[cmsmasters_row data_width=”boxed” data_padding_left=”3″ data_padding_right=”3″ data_top_style=”default” data_bot_style=”default” data_color=”default” data_bg_position=”top center” data_bg_repeat=”no-repeat” data_bg_attachment=”scroll” data_bg_size=”cover” data_bg_parallax_ratio=”0.5″ data_padding_top=”0″ data_padding_bottom=”50″ data_padding_top_laptop=”0″ data_padding_bottom_laptop=”0″ data_padding_top_tablet=”0″ data_padding_bottom_tablet=”0″ data_padding_top_mobile_h=”0″ data_padding_bottom_mobile_h=”0″ data_padding_top_mobile_v=”0″ data_padding_bottom_mobile_v=”0″ data_shortcode_id=”mck6ib08qe”][cmsmasters_column data_width=”1/1″ data_bg_position=”top center” data_bg_repeat=”no-repeat” data_bg_attachment=”scroll” data_bg_size=”cover” data_border_style=”default” data_animation_delay=”0″ data_shortcode_id=”dexabon19k”][cmsmasters_text shortcode_id=”40zh51bdj” animation_delay=”0″]
One could sense the excitement and sense of anticipation in the air as we savoured prosecco and canapés in the stylish Missoni bar. There was a palpable feeling of eagerness amidst the crowd as we waited to move upstairs to the restaurant, Cucina, to join legendary Michelin star Giorgio Locatelli for a five-course gala dinner to celebrate the launch of a new wine range from Santa Margarita. The banquet had been designed by head chef. Mattia Camorani who had been given the challenge of matching the menu to suit the wine choices.
Camorani prides himself on cooking traditional dishes with flavours that take you back to Italy, as he’d explained to Foodies when we met him earlier in the day. This policy is obviously working, because we could have shut our eyes and imagined we were in Italy – most tables were occupied by groups of his countrymen and Italian was the language of choice.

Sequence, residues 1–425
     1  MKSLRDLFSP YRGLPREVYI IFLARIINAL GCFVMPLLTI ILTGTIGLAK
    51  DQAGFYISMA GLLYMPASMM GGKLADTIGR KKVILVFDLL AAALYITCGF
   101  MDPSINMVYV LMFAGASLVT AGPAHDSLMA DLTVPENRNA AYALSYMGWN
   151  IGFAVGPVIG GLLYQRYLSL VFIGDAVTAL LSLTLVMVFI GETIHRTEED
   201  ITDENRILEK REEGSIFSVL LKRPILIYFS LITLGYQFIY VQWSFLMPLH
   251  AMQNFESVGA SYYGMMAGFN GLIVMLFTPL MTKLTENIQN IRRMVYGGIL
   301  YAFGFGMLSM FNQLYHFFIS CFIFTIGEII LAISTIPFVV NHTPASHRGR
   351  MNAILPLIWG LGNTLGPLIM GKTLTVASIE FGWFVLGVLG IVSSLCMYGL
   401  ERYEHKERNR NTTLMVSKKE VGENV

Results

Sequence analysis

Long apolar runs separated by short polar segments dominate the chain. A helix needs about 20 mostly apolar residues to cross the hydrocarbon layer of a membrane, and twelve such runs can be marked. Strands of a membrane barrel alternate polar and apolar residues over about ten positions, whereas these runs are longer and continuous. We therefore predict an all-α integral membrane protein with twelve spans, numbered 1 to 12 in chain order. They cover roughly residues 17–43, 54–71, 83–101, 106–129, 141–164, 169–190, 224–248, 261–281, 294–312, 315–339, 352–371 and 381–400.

Our evening began with with a soup of mussels and fregola sarda (a toasted pasta similar to cous cous) with croutons, followed by pheasant filled ravioli with rosemary jus. The mussels were served with Santa Margarita’s signature Pinot Grigio, and the ravioli with an aromatic Malbech Veneto. Each wine was more than a compensation for the lack of promised croutons!
A fish course of cuttlefish and orange made for an unusual but refreshing combination, slightly marred by the grainy texture of the cannellini bean sauce. By contrast, the main course – lamb shoulder with chianti sauce, peppers and aubergine puree – was definitely the star of the evening. The lamb was beautifully tender, and the aubergine puree was melt-in-the-mouth delicious – looks, taste and texture came together and were a perfect match for the earthy Chianti Classico Riserva.
The dessert wine – Vinsanto del Chianti Classico – proved to be my personal favourite and went amazingly well with the filling of the apple tart. It could have been a perfect finish if it hadn’t been for the amaretto ice-cream on top of the tart, which was slightly overpowering.
Camorani has great plans over the next few months to celebrate Italy’s best food and produce, beginning with Lombardy and then Venice. On the evidence of this meal, it should be a fascinating journey.
Hotel Missoni Edinburgh
1 George IV Bridge, Edinburgh EH1 1AD
0131 240 166
Bill for two:£100
Lunch: 12 noon-3pm
Dinner: Sun-Thurs, 6pm-10pm; Fri-Sat, 6pm-11pm